First Inhabitants, Indigenous Peoples in 1500
Iroquoians, plains people, Asian connection, indigenous Canada, Plains Cree
In 1500, on the eve of regular European contact, there may have been 300,000 people living in Canada, although some estimates run much higher. More than half were clustered in two regions, southern Ontario and the Pacific coast. Despite divisions due to distance, language, and culture, trade networks stretched far across the continent, as did diplomatic alliances, rivalries, and warfare. Each nation had its own myths, heroes, and spiritual practices, but they all shared a reverence for nature and a sense of the spiritual presence in all living things.
The societies of the Algonquian language family, the most widespread in North America, extended from the Atlantic coast to the Rockies. Groups on the Atlantic coast made extensive use of fish and coastal marine life. Most Algonquian speakers, however, were hunter-gatherers: They hunted deer and other large animals, and gathered nuts and wild grains. They lived in small bands of related families, in the forest that stretches across Canada from west to east. Some moved into the Great Plains to make their living by hunting bison.
Another language group, the Athapaskan speakers, were also hunter-gatherers. They lived mainly in the northwestern forest, but some groups lived on the plains, along with some Algonquian and Siouan groups. These plains people wintered in sheltered river valleys and followed the bison herds. They planned and executed well-organized drives to stampede bison over cliffs. From the bison they got not only food but also clothing, tools, and many other necessities. These societies began their golden age in the mid-1700s when they got horses, imported to North America via Mexico. With the new mobility that horses provided, mounted bison hunters such as the Blackfoot and Plains Cree flourished on the Great Plains.
On the tundra, the Arctic coast, and Arctic lands lived the Inuit, who developed ingenious inventions to help them survive in one of the world’s most forbidding climates. The Inuit lived in small bands as hunters, with a diet almost wholly of sea animals, although some followed the caribou herds. They spoke a common language, in several dialects, that spread eastward from Alaska to Greenland barely a thousand years ago. It is part of the Eskimo-Aleut language group, which has branches in Siberia and thus is the only indigenous language group with a clearly identified Asian connection.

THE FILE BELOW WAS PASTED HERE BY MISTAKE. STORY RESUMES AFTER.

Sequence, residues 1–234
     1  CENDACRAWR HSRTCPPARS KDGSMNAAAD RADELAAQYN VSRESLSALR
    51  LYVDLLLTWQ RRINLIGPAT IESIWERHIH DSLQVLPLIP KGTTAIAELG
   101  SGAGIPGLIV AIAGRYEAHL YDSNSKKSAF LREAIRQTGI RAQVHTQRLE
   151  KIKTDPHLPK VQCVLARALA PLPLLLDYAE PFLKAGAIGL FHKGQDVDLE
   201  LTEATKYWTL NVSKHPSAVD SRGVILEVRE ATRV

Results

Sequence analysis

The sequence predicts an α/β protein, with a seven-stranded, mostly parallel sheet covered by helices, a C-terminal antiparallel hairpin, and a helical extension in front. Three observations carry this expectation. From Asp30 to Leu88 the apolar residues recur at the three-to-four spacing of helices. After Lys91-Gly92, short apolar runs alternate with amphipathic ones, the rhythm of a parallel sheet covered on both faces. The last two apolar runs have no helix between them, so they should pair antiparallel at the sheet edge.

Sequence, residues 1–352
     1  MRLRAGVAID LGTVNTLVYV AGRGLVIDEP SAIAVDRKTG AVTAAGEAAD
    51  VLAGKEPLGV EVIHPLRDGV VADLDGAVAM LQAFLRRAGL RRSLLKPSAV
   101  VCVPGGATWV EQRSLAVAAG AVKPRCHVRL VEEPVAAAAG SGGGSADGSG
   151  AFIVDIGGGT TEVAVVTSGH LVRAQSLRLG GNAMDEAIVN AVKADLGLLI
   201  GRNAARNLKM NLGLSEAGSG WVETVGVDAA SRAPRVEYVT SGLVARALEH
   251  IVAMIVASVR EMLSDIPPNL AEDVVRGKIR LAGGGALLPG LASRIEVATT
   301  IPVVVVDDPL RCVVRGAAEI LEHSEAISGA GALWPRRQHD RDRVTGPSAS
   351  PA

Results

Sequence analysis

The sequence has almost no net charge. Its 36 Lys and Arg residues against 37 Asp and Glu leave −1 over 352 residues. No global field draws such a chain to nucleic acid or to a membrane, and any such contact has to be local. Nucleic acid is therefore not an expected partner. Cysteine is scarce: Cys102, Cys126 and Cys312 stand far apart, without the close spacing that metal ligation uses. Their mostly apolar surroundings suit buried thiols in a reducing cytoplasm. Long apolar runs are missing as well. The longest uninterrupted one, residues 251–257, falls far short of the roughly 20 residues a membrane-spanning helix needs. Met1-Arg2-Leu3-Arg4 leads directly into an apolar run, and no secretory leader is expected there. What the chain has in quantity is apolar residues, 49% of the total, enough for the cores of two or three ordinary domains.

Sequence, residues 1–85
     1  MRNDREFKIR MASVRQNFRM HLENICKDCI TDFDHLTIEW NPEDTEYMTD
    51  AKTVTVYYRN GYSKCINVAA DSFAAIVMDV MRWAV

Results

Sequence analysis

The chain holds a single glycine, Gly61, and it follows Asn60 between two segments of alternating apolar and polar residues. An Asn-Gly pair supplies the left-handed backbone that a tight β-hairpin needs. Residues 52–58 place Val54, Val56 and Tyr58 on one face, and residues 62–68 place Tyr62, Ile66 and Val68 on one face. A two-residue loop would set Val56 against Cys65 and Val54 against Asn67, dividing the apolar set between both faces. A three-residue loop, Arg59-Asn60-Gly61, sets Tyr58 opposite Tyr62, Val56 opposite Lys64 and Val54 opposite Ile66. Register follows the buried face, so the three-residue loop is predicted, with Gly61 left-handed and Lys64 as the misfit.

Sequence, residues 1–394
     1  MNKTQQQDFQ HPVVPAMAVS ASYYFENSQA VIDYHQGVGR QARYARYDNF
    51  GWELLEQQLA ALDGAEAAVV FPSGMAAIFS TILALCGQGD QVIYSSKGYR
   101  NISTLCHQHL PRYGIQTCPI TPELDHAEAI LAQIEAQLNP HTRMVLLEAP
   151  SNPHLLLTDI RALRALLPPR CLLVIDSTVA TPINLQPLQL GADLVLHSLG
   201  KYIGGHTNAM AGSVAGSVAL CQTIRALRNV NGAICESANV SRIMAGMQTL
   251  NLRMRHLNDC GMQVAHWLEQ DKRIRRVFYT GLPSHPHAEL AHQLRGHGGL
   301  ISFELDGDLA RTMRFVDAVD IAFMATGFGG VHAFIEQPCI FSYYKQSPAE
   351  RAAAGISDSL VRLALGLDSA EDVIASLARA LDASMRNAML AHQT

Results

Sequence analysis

The temperate rain forest of the mountainous Pacific Northwest was the most densely populated part of indigenous Canada and had the greatest diversity of languages. Speakers of at least five distinct language groups lived here. The coastal nations were blessed with abundant food sources, particularly salmon, and lived in substantial, permanent towns of elaborately decorated cedar-plank houses. They produced sophisticated works of art, the most famous of which were the totem poles that decorated houses and proclaimed the lineages of their owners. They traveled, raided, and hunted whales in large, oceangoing canoes. These were complex societies consisting of chiefs, nobles, commoners, and slaves.
Another area of large populations and complex societies was the woodlands of the lower Great Lakes and St. Lawrence valley, inhabited by Iroquoian-speaking peoples. About 500 AD the Iroquoians began growing corn, beans, and squash. Once established, agriculture supported much larger populations than hunting and gathering. The Iroquoian farmers lived in large, fortified towns surrounded by cornfields. Some groups formed rival confederacies known as the Huron, Neutral, and Iroquois (or Five Nations, later Six Nations). Each confederacy had its own elaborate political systems and ceremonies.
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